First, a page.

During the first quarter of fiscal 2007, Wal-Mart Stores, Inc., repaid $1.0 billion of debt. Additionally, during March 2006, Wal-Mart Stores, Inc., borrowed ¥50.0 billion, or $439 million using an April 30, 2006, exchange rate of 113.83 yen per dollar, under a short-term bridge loan. The bridge loan matures in June 2006 and carries interest of 0.21%. This bridge loan was designated as a hedge of our net investment in Seiyu.

Prior to entering into the ¥50.0 billion bridge loan, the Company paid $25 million to settle a receive fixed-rate, pay fixed-rate cross-currency interest rate swap with a notional amount of approximately ¥52.1 billion. This cross-currency interest rate swap was designated as a net investment hedge of our investment in Seiyu.

During the first quarter of fiscal 2007, Seiyu repaid ¥86.5 billion, or approximately $735 million, of debt and issued ¥87.2 billion, or approximately $741 million, of notes. These notes carry varying interest rates ranging from 0.46% to 2.64% and varying maturity dates up to March 2009.

NOTE 6. Segments

The Company is principally engaged in the operation of mass merchandising stores located in all 50 states of the United States, Argentina, Brazil, Canada, Germany, South Korea, Puerto Rico and the United Kingdom, through joint ventures in China, and through majority-owned subsidiaries in Costa Rica, El Salvador, Guatemala, Honduras, Japan, Mexico and Nicaragua. The Company identifies segments based on management responsibility within the United States and in total for international units.

The Wal-Mart Stores segment includes the Company’s supercenters, discount stores and Neighborhood Markets in the United States as well as Walmart.com. The SAM’S CLUB segment includes the warehouse membership Clubs in the United States as well as samsclub.com. The International segment consists of the Company’s operations outside of the United States. The amounts under the caption “Other” in the following table are unallocated corporate overhead, including our real estate operations in the United States. For the periods prior to the Company’s majority ownership of Seiyu and CARHCO, the Company’s portion of the results of our unconsolidated minority interest in those entities was also included under the caption “Other.”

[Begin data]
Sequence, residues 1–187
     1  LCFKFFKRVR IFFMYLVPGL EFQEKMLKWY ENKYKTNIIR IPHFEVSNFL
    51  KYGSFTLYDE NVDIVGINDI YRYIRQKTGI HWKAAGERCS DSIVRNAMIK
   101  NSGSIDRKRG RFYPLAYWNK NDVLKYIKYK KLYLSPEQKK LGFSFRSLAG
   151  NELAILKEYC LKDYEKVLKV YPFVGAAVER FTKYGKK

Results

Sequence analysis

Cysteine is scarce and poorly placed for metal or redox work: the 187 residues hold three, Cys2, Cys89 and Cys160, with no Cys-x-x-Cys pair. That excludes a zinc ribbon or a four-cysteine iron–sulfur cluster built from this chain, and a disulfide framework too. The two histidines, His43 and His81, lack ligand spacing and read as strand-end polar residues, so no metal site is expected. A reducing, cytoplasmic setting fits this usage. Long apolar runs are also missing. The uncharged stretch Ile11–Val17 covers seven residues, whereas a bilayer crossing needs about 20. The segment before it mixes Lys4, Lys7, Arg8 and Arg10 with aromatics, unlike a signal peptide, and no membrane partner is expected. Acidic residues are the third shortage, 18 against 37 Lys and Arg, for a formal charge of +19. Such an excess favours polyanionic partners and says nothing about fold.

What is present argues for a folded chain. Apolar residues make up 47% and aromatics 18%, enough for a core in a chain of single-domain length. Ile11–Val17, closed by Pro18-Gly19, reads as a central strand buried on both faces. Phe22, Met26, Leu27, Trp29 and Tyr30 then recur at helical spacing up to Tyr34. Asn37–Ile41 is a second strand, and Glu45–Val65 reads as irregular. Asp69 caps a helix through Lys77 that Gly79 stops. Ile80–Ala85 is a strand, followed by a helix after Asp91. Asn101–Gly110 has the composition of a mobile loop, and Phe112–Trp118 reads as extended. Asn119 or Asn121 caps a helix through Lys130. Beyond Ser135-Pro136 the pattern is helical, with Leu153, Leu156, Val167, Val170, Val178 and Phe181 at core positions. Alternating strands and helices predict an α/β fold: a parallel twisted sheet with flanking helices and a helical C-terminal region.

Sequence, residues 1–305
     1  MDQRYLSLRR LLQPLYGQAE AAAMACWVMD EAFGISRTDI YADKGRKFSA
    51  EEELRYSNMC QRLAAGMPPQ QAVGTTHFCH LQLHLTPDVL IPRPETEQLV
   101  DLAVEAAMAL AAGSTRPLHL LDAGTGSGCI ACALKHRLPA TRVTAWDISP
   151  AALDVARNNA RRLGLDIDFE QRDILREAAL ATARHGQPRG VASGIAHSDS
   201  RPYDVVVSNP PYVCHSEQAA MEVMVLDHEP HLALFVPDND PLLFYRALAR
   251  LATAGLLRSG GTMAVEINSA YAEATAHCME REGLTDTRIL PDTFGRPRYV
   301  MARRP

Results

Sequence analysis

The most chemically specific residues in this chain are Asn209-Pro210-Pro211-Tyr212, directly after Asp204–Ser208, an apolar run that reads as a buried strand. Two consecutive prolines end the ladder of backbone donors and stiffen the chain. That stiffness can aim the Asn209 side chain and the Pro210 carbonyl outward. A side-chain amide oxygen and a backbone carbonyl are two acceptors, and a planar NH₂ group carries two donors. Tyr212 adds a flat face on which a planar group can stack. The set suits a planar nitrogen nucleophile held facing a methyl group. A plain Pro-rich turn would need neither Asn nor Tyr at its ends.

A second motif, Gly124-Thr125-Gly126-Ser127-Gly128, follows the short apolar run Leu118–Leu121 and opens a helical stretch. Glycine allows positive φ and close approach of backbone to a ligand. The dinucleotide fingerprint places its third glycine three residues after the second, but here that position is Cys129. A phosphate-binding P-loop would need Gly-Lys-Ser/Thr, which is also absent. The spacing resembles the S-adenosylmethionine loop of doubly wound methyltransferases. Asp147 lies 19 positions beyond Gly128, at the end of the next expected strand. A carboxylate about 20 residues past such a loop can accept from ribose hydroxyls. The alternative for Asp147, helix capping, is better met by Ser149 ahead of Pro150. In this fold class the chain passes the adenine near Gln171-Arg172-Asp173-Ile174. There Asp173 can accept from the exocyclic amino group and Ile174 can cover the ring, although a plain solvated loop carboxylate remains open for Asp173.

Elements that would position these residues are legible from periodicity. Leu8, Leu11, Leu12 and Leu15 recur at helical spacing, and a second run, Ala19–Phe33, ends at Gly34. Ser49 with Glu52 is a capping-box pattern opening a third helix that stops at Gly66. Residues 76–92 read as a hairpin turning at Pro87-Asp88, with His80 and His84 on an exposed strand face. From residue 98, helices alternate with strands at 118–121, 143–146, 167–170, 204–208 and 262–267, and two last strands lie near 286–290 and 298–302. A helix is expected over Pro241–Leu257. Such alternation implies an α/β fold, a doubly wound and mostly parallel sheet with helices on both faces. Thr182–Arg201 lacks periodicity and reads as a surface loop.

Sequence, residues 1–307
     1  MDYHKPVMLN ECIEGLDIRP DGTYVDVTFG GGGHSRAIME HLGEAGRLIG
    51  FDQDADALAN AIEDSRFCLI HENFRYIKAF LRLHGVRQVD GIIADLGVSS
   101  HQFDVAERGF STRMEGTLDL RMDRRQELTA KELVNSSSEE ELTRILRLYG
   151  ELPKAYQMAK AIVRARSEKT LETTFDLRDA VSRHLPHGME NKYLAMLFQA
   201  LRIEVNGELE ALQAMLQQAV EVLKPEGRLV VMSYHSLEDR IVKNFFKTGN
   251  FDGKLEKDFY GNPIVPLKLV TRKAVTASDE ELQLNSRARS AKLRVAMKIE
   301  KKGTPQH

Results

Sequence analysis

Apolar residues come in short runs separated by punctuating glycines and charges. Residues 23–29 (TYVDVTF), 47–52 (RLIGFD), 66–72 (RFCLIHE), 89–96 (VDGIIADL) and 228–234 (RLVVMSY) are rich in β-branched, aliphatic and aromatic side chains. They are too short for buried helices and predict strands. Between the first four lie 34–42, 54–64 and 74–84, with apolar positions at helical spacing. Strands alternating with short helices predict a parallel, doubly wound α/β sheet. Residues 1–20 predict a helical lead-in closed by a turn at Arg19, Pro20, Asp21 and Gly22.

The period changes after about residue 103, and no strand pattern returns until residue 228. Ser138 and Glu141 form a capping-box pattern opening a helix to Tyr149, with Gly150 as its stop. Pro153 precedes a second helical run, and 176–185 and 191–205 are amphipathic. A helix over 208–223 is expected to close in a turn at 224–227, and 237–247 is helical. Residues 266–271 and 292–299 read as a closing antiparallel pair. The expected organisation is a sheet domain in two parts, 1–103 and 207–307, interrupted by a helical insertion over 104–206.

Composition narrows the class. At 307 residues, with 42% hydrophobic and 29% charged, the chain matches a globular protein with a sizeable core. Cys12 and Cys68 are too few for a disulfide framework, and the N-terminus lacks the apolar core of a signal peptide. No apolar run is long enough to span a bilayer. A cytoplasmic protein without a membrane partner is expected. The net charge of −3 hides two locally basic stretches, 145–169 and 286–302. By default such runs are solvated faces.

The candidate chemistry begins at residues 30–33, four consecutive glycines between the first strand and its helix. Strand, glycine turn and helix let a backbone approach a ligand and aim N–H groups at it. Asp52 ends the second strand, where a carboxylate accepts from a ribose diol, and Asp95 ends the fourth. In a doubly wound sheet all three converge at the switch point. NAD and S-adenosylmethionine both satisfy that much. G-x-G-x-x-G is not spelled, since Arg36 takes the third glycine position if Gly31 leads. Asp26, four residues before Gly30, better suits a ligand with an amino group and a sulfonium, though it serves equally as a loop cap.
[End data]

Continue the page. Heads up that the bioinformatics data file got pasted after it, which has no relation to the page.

The Company measures the profit of its segments as “segment operating income,” which is defined as income before net interest expense, income taxes and minority interest. Information on segments and the reconciliation to income before income taxes and minority interest appear in the following tables.
6
Net sales by operating segment were as follows (in millions):

   
Quarter Ended
April 30,
 
   
2006
 
2005
 
Wal-Mart Stores
 
$
52,499
 
$
47,641
 
SAM’S CLUB
   
9,775
   
9,155
 
International
   
17,339
   
14,112
 
    Total net sales
 
$
79,613
 
$
70,908
 

Segment operating income and the reconciliation to income before income taxes and minority interest are as follows (in millions):